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ALCOHOL EFFECTS

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					                     ALCOHOL EFFECTS




A little of alcohol can cure diseases but drinking too much of it may lead to

alcohol abuse or alcoholism. Alcoholism is a disease, which affects the

alcoholic’s physical health, emotional well-being and behavior.

PHYSICAL EFFECTS

Impairs mental and physical reflexes

Cancer of the brain, tongue, mouth, oesophagus, larynx and bladder;
Liver damage such as cirrhosis, fatty liver (steatosis) and hepatitis;

Ulcers and gastritis.

Brain damage and nerve problems.

Heart and blood pressure problems.

Leads to malnutrition and stomach disorder.

Obesity and overweight

Sexual problems

Causes birth defects such as foetal alcohol syndrome (FAS)

FOETAL ALCOHOL SYNDROME (FAS)

Foetal alcohol syndrome (FAS) is a serious but completely preventable health problem
that

tragically affects its victims and their families. A child with foetal alcohol syndrome will
suffer from

this disorder throughout his or her life. Babies born with FAS tend to have;

Less weight

Less height

Smaller heads

Heart problem

Deformed facial features

Abnormal joints and limbs

Poor coordination

Memory loss

Learning problem

Other problems experienced by victims are mental health problems, disrupted school
experience,

inappropriate sexual behaviour, trouble with the law, alcohol and drug problems, and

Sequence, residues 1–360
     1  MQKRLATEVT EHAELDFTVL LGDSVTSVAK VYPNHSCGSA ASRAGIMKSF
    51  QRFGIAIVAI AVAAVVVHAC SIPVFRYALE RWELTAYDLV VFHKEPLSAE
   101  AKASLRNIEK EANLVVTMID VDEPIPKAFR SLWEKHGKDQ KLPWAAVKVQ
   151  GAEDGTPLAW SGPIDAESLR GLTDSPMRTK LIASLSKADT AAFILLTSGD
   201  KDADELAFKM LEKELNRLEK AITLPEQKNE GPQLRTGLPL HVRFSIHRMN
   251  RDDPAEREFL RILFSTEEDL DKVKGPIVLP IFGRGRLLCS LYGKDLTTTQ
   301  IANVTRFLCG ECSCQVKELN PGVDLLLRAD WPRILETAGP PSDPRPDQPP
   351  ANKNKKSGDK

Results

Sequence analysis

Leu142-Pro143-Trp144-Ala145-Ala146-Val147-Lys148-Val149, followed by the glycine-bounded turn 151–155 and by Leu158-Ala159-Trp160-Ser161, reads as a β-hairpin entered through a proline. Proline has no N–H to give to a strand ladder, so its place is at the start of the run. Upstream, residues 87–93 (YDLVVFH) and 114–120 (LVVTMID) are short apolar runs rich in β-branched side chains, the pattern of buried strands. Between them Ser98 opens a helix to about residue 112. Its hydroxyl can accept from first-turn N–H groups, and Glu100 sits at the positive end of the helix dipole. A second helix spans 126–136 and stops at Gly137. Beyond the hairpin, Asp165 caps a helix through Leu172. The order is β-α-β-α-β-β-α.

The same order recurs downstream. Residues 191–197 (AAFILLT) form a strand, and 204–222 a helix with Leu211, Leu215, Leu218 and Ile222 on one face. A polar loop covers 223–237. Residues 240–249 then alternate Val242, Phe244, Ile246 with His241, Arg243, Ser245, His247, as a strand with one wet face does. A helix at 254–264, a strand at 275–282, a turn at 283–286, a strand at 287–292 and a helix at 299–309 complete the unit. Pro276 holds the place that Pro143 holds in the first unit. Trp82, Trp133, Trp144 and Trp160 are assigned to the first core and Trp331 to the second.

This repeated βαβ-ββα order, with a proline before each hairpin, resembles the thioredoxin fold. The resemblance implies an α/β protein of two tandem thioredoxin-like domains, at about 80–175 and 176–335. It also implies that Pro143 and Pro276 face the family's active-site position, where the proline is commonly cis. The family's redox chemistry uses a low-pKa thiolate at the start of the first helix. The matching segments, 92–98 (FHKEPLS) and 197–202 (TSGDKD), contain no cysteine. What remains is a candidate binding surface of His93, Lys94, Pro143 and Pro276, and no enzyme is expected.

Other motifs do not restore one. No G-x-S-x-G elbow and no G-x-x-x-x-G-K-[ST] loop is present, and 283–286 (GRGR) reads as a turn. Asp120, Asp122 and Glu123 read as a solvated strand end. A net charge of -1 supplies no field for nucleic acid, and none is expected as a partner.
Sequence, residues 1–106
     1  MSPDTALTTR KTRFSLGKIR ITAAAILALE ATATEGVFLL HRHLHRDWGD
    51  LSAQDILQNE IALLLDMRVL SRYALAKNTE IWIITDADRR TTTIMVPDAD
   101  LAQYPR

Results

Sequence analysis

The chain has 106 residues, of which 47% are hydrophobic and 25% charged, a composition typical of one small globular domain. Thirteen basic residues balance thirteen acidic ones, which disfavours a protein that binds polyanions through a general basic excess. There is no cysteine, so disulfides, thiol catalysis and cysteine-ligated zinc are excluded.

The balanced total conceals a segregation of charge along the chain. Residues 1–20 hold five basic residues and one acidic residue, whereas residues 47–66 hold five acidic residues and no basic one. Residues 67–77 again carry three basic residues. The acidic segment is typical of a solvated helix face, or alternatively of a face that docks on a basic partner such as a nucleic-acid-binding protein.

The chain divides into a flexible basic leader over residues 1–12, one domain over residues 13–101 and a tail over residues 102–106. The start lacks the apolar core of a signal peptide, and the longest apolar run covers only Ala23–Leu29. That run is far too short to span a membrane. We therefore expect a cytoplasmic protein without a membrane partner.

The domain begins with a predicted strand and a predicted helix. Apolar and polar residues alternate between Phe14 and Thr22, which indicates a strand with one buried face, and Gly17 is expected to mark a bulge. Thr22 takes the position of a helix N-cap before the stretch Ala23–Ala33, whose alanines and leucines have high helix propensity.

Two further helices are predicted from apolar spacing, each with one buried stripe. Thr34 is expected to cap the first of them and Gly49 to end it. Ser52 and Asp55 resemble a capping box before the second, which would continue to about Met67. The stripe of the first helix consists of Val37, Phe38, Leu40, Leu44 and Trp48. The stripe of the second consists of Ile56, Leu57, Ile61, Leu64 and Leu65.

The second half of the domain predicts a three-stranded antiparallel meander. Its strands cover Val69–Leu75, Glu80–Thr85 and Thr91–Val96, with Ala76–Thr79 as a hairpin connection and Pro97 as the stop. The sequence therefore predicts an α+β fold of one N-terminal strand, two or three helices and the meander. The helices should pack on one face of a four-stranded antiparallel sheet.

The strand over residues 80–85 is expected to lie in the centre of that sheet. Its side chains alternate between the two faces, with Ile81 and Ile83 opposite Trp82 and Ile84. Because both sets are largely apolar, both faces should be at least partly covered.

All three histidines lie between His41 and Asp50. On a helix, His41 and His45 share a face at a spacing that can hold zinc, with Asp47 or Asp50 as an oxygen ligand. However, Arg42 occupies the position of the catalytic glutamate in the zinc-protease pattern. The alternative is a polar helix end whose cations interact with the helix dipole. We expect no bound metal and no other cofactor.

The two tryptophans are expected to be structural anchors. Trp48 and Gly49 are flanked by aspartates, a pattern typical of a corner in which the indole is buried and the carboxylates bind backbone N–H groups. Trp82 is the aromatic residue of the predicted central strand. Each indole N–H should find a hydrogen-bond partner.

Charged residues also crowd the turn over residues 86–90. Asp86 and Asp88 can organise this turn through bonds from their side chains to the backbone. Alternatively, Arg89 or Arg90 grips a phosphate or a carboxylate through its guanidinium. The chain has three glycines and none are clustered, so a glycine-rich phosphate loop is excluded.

difficulty in
caring for themselves and their children, and homelessness.

ALCOHOL AND CANCER

Drinking can make your cancer care less effective or more difficult for you. For

example:

If you need surgery, alcohol in your body can create problems with the

medicine needed to put you to sleep (anesthesia).

If you are being treated with cancer drugs (chemotherapy), you may get

sores in your mouth, and alcohol will make them worse.

If you need radiation treatment or chemotherapy, you will need to eat well

to stay strong. Drinking can interfere with good eating habits and a quick

recovery.

Alcohol abuse will keep you from coping well with cancer and its stresses

and emotional demands.

EMOTIONAL AND BEHAVIORAL EFFECTS

Alcohol may cause someone to do things he or she might not do otherwise (e.g., driving

at high speeds or other daredevil acts)

Mood changes such as, anger, violent behavior, depression or even suicide that can

intensify as more alcohol is consumed

May result in memory loss (alcohol consumption levels prevent the formation of

memories in the brain).

Lead to chaotic family life. The divorce rate is higher among alcoholics, and children of

alcoholics may have long-lasting emotional problems.

Alcoholism can also cause decreased work attendance and performance as well as

problems in dealing with employees and co-workers

YOU NEED PROFESSIONAL HELP IF YOU:
Had memory lapses or blackouts due to drinking.

Must drink alcohol in order to get you through the day

Unable to control your drinking habit even though you have health

problems caused by alcohol.

Have to drink more to withdrawal symptoms such as headaches, chills,